Third, after our discussions it was determined based on our 2 ¾ acre property, it would not be financially advantageous to attempt to redevelop our property. Further, our community presence would be lost in any redevelopment and would likely result in the fracturing of our congregation
 
Joy Alizadeh, Sadie Hawkins, Lucy Meyer, Dave Tidball, and Pastor Gary Walpole have been a part of this initial task force. One or two of us outside of the staff members are willing to continue into the next phase pending Leadership Council approval. We will be asking a few others to participate as well. Thank you to all who have put their time and energy into our congregational concerns.

When your heart is heavy

posted Nov 27, 2017, 4:05 PM by Sue Fried   [ updated Nov 27, 2017, 4:05 PM by Melissa Navratil ]

by Rev. Cindy Gregorson

This has been a season when my heart has been heavy. I know where it comes from. I have a niece who is dealing with a life-threatening disease at too young an age. I have friends and colleagues who are walking in the muck of their own illnesses, trauma, and challenging situations. I feel the weight of what they are going through, and my heart is heavy with sorrow for what they are experiencing.

And then there is the daily news, and the unrelenting wave upon wave of human suffering: hurricanes that have left communities devastated and, on Oct. 2, a mass shooting where a simple concert outing became 10 minutes of terror and a life-and-death event. How does one hold the pain of the world without either becoming callous to it or being overwhelmed by it?

And if that were not enough, all this is occurring in the context of the free-floating anxiety that is our country and denomination right now. What will become of us? In the midst of division and debate and dueling blogs and tweets, it is easy to be caught up in the drama. We don’t know what the future will bring, and it is hard to plan and prepare when the ground is so uncertain and unpredictable.

So let me take a brief detour. One of the things I have noticed in my own life is that when I am sleep-deprived, I am more emotional, more impatient, and have less capacity to deal with challenging situations. It has occurred to me that our current times cause me to feel like I am living in a constant sleep-deprived state. How much can we bear? And without rest and respite, our resilience is depleted. And therefore, when I am dealing with the things that come along in life, like loss and illness and grief, my heavy heart is even heavier. And my cry becomes: How long, O Lord, how long?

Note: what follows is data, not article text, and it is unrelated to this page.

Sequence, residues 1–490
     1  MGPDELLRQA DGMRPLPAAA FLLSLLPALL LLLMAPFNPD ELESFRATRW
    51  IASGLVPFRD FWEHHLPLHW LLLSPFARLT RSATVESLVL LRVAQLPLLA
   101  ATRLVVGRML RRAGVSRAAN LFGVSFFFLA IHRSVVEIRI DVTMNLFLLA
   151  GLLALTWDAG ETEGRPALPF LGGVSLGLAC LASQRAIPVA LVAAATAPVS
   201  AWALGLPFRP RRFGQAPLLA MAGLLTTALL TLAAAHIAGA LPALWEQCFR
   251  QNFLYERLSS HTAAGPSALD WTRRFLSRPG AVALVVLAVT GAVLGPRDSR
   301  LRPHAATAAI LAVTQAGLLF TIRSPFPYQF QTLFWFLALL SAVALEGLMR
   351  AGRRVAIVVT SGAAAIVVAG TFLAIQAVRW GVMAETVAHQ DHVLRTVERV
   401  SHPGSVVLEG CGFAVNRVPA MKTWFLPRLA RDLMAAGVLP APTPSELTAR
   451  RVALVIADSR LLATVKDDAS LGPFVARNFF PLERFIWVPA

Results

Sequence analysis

Do not let your hearts be troubled. You believe in God; believe also in me…Peace I leave with you; my peace I give you. I do not give to you as the world gives.. Do not let your hearts be troubled and do not be afraid.  –John 14 (NIV)

These words are familiar—often read at funerals. They sound nice, don’t they? But is Jesus really suggesting that we never have a heavy heart? I believe there is a fundamental difference between a heavy heart and a troubled heart. Sadness is a normal part of human existence. When we open our heart to people and the world, we make our heart vulnerable. It can get broken. It will feel the weight of grief. It will also experience the leaps of joy, and burst with love. This is what makes us human and connected and caring. It is how we find our way forward together, when we are willing to open our hearts to one another. A heavy heart is one that is willing to go to the depths and trust that God will be there in the midst of it.